The phenomenon of separated children - termed "unaccompanied" in official immigration statistics - poses unique challenges to the host country, raising serious questions about the rights, education and mental health of that child. In "A Gap in their Hearts: the experience of separated Somali children" - a report and webspecial published on 17 January - IRIN has looked at both sides of the story, and hopes to show that development and aid is imperative rather than relying on erecting more barriers in the receiving countries.
[for more information and to download the full report go to www.irinnews.org/webspecials/Somalichildren/default.asp ]
These separated children - mostly teenagers, but some as young as two or three - arrive burdened with a false identity. Most have been coached or intimidated into assuming a new name, a different age, and an imaginary history. Some are used for benefit fraud in welfare states; others - in the more extreme cases - are used as domestic labour, for prostitution, or fall into the hands of international criminal gangs. While some end up in the competent care of relatives, all, to some extent, struggle with serious psychological problems and identity issues. "There is only one word that describes the feeling they have: loneliness - they don't really live inside society, but on the edge of it," Swedish psychologist Marie Hessle told IRIN.
According to the "agents" who run the child-smuggling business out of Mogadishu, up to 250 children are sent out every month - although international security measures instituted after the events of 11 September have stemmed the flow and increased the cost.
Even in post-conflict Somali areas, families spend thousands of dollars to smuggle children abroad because of poor services. Education is given as the main reason for taking such extreme measures, as well as poor health facilities, conflict and poverty.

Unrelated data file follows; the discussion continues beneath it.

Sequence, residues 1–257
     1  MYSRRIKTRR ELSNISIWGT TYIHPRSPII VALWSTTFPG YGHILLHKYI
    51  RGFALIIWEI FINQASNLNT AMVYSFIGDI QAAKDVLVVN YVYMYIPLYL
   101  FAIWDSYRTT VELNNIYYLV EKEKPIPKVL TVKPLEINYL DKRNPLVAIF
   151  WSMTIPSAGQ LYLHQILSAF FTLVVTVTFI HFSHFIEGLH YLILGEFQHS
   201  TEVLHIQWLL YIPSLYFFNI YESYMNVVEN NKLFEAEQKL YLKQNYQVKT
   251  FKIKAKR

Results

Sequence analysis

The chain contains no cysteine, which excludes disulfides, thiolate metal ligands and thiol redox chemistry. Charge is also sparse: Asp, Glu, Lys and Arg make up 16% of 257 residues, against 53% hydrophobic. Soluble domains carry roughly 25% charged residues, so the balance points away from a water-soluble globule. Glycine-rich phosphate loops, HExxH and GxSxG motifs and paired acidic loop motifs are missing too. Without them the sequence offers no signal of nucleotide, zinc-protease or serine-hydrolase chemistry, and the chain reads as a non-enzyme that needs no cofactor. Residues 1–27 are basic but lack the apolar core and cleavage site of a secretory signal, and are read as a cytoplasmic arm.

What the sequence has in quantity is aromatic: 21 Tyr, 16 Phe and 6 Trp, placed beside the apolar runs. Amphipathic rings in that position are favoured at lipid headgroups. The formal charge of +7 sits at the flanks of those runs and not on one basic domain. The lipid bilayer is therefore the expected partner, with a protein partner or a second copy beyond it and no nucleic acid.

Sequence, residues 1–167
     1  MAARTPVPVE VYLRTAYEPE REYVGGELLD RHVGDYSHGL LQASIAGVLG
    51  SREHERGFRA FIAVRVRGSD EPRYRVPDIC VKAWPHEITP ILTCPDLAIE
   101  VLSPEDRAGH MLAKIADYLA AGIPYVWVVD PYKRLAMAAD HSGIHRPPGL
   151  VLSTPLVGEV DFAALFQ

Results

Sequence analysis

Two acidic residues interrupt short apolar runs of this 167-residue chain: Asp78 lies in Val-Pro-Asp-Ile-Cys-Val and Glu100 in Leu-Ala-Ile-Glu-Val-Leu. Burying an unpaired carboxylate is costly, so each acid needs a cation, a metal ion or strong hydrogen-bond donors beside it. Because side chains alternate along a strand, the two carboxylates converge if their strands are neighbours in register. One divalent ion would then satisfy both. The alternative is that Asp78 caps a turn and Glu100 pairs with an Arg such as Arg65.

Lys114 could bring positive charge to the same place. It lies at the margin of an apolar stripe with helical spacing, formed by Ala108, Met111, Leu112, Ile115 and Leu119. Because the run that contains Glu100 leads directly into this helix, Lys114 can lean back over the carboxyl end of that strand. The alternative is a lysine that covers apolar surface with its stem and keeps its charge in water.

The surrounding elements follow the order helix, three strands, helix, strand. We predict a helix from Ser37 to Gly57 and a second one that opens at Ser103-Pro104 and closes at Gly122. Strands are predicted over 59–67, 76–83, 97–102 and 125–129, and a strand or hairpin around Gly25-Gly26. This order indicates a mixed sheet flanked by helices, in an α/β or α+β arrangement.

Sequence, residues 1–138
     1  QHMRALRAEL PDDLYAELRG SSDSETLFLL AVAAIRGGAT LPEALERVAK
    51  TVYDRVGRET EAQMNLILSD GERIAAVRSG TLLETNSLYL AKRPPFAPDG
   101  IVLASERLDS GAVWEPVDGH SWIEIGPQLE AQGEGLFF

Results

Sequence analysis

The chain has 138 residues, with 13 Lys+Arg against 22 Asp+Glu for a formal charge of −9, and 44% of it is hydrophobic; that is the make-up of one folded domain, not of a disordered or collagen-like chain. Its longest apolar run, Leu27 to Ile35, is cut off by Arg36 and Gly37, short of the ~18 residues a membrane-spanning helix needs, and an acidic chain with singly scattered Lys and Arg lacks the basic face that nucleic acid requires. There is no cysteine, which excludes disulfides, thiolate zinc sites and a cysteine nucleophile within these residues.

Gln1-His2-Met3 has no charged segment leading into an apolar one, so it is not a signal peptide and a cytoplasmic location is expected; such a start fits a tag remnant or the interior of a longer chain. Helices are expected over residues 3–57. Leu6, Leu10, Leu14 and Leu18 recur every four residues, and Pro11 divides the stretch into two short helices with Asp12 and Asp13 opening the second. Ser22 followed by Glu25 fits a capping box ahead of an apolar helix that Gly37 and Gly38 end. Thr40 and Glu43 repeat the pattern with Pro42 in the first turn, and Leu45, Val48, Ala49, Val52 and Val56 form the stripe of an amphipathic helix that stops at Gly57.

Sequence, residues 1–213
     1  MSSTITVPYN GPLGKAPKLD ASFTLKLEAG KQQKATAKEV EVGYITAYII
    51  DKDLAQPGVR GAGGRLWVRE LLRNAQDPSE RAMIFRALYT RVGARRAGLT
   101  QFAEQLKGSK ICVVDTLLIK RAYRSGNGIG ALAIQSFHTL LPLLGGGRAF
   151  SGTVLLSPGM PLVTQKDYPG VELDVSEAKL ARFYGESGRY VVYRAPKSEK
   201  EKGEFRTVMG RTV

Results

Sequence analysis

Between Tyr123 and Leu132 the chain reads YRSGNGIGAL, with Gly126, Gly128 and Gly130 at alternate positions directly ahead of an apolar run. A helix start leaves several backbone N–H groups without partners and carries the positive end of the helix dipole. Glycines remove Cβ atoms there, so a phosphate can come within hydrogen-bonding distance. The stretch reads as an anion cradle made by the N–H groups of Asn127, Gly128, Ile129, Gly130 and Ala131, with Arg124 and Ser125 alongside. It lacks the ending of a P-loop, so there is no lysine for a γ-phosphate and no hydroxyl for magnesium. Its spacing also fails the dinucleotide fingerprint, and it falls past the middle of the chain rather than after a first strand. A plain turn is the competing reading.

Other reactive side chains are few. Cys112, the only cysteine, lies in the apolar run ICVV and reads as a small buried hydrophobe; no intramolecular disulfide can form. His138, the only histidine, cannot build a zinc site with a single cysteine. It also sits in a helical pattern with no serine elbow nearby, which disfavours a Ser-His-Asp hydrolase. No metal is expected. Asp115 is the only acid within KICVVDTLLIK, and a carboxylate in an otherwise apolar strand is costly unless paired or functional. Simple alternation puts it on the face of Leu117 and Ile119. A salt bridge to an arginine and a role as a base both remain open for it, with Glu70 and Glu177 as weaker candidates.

Yet many of these children fail to realise even their most basic potential as they struggle to cope in an alien education system. Houdan, who is reading for a degree in biomedical technology in Stockholm, arrived in Sweden as an unaccompanied child, and is adamant that the problems outweigh the advantages for unaccompanied children: "It is tragic... they can't take advantage of the opportunities they are sent for because of their circumstances".
Many end up as victims of the generation "clash" within the Somali diaspora abroad, and might find themselves tricked into returning to a "home" they hardly remember. Known as "family deportees", these bi-cultural children face daily bullying and isolation; at worst, they meet with extortion, rape and murder by child gangs in their homeland.
The phenomenon of separated children - termed "unaccompanied" in official immigration statistics - poses unique challenges to the host country, raising serious questions about the rights, education and mental health of that child. In a new webspecial, IRIN has looked at both sides of the story, and hopes to show that development and aid is imperative rather than relying on erecting more barriers in the receiving countries.
After a decade of international neglect, Somalia's unique circumstances ever since the collapse of the state in 1991 have served to produce one of the largest groups of separated children arriving in Europe and North American countries. With immigration as one of the most important issues in the West today, this report hopes to act as a reminder that Somalia remains an international responsibility, and that continued neglect comes with a price for everyone.
[This Item is Delivered to the "Africa-English" Service of the UN's IRIN humanitarian information unit, but may not necessarily reflect the views of the United Nations. For further information, free subscriptions, or to change your keywords, contact e-mail: Irin@ocha.unon.org or Web: http://www.irinnews.org . If you re-print, copy, archive or re-post this item, please retain this credit and disclaimer. Reposting by commercial sites requires written IRIN permission.]
Copyright (c) UN Office for the Coordination of Humanitarian Affairs 2003